The Forgotten Village of Brandywine

Over the weekend I had a chance to explore some lesser-known areas of Brandywine Falls and the forgotten village of Brandywine – a once bustling community that thrived off the natural power of the falls. The foundations of the village were laid in 1814 with the construction of a meager but productive sawmill that harnessed the power of the flowing water. Grist and woolen mills followed their bold predecessor, and in a short period of time the village came to be known as ‘Brandywine Mills’. What remains is a modest tribute to the resolve and dedication of Northeast Ohio’s industrial beginnings.

 

CVNP sign that greets visitors to the Falls. Notice the bridge and gristmill at the forefront of the picture.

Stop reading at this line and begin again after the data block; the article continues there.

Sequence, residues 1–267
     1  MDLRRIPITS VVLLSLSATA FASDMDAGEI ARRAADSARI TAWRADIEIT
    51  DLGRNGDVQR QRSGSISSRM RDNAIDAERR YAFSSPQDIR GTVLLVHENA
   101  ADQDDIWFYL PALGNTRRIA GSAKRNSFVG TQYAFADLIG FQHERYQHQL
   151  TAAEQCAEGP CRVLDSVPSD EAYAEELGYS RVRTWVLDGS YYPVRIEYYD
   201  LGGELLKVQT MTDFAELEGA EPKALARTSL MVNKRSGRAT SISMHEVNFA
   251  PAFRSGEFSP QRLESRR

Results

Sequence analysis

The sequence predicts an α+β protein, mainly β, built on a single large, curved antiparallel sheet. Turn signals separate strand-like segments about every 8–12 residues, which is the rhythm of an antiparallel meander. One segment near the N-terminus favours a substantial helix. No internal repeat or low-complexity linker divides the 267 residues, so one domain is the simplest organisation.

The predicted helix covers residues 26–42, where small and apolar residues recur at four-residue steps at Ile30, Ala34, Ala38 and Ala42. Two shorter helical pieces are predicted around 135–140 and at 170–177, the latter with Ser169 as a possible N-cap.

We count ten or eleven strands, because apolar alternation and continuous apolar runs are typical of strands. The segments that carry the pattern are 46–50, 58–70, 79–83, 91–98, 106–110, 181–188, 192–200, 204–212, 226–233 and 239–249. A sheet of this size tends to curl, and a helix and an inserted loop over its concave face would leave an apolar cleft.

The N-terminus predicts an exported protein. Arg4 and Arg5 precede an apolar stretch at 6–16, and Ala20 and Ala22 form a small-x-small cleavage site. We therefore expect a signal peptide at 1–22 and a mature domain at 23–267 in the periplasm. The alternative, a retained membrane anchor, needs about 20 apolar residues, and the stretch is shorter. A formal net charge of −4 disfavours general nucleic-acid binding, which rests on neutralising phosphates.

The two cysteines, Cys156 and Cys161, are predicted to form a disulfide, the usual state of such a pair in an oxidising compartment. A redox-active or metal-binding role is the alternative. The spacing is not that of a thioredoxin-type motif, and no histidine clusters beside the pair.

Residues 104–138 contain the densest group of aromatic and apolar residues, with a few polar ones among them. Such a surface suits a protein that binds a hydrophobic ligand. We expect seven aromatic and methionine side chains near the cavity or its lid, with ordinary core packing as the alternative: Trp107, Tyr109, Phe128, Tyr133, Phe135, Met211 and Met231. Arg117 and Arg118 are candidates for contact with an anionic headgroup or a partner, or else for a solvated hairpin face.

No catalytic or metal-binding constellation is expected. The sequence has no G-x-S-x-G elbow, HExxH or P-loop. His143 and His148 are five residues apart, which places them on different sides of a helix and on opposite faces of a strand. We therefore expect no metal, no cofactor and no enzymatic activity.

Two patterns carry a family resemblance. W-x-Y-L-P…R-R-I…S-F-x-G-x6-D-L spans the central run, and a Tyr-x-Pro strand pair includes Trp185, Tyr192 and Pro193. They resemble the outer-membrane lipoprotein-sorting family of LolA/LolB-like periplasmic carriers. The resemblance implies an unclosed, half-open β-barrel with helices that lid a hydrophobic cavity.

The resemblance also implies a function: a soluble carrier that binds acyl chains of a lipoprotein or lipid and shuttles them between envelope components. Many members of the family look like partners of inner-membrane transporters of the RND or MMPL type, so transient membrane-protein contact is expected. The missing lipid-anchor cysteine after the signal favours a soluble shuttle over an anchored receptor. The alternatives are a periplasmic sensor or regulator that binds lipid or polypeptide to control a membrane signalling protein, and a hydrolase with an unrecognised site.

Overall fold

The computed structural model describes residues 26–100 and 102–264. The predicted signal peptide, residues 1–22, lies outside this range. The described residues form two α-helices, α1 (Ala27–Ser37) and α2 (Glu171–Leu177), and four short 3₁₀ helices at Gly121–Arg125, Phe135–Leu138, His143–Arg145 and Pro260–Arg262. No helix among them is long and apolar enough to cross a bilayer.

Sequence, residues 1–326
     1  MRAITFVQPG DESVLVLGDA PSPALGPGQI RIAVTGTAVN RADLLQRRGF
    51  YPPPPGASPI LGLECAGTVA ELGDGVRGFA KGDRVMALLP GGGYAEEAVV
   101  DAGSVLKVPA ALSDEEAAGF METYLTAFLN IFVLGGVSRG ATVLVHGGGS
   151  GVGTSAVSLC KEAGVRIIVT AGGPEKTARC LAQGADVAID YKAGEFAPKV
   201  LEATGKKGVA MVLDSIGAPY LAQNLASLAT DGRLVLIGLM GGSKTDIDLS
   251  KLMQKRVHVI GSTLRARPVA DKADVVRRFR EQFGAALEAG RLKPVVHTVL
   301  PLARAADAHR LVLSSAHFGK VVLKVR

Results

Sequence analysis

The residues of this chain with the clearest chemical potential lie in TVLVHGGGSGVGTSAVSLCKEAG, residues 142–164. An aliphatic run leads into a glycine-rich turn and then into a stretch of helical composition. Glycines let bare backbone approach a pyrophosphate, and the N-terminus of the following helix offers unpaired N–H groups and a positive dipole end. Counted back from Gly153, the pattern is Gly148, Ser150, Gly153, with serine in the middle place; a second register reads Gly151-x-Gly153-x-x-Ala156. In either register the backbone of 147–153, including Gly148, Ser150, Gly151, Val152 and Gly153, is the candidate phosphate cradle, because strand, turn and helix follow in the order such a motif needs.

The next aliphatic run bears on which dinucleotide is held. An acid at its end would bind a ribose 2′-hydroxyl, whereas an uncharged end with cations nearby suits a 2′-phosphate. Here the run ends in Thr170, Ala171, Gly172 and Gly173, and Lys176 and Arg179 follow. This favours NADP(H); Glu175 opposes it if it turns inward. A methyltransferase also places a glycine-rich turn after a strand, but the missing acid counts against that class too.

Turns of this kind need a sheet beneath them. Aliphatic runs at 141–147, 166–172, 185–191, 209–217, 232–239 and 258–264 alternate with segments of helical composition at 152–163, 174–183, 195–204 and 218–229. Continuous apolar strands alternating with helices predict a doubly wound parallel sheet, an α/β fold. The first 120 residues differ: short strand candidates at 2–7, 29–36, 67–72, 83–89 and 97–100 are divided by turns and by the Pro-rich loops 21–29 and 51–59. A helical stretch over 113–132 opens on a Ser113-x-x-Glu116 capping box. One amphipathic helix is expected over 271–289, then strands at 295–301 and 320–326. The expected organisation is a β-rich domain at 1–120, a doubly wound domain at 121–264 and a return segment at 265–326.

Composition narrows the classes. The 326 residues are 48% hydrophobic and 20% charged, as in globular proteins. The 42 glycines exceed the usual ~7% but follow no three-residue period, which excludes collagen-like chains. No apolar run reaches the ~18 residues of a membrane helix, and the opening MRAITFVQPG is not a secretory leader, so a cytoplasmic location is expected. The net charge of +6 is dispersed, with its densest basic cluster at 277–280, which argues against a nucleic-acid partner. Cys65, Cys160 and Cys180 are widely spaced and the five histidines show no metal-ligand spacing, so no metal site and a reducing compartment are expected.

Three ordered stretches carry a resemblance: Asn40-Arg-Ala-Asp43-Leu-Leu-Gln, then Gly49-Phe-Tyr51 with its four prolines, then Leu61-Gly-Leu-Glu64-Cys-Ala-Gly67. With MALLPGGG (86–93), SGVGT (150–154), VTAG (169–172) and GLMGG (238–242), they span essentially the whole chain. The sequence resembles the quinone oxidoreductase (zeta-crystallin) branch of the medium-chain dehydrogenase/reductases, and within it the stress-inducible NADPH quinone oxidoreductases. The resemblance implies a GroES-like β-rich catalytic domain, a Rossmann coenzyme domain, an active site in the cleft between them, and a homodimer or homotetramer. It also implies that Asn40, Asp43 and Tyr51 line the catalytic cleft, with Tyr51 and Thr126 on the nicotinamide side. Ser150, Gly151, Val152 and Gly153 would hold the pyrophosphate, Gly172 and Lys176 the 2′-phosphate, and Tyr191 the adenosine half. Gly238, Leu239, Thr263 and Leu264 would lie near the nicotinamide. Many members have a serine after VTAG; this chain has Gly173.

Photo of old gristmill on Brandywine Falls c. mid-1800’s.
This photo is of the Champion Electric Company ruins at the top of the falls. Built near the ruins of the old gristmill in 1920, Champion Electric manufactured restaurant appliances here until 1937 when the building suffered catastrophic damage from a lightening strike. As the CVNP duly notes, “These cinder block ruins are from this last industry in Brandywine Falls.”

The two pictures above show hidden remnants of Brandywine’s forgotten industry. One can easily notice two parallel lines running across the creek, and two rusted iron eye hooks still embedded in the rock. For a great comparrison, scroll up and compare these clues to the old photos of the mill atop the falls.

Exposed brick from Brandywine’s past on the bridge that spans the creek. This is what the simple bridge in the top picture evolved into as the community grew throughout the late 19th and early 20th centuries.
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